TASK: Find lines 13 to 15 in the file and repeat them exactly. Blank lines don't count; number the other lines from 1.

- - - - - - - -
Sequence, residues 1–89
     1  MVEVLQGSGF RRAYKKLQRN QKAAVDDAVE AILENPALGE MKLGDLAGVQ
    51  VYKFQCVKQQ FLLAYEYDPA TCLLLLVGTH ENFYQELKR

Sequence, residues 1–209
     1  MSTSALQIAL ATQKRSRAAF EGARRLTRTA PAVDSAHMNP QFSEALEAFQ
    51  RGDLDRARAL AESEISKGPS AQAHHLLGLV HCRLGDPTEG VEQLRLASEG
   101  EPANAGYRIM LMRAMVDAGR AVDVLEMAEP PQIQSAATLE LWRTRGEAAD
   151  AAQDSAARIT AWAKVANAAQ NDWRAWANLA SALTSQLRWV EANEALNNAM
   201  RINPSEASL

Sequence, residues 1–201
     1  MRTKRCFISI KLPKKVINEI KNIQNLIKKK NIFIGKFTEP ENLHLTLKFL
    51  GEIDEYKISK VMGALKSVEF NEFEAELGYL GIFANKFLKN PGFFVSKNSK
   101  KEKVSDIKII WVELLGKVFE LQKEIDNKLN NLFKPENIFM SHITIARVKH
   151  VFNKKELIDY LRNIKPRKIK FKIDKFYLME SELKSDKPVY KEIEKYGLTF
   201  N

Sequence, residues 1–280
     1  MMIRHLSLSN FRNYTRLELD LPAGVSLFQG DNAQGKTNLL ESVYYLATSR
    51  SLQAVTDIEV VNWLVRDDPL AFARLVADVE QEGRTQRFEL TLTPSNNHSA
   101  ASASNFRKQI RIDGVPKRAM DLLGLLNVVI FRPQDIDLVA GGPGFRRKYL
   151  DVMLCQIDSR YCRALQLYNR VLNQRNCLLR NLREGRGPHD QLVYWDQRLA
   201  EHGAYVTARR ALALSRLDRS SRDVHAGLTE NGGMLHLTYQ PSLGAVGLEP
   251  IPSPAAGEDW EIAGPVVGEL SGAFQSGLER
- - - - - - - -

   101  KEKVSDIKII WVELLGKVFE LQKEIDNKLN NLFKPENIFM SHITIARVKH
   151  VFNKKELIDY LRNIKPRKIK FKIDKFYLME SELKSDKPVY KEIEKYGLTF
   201  N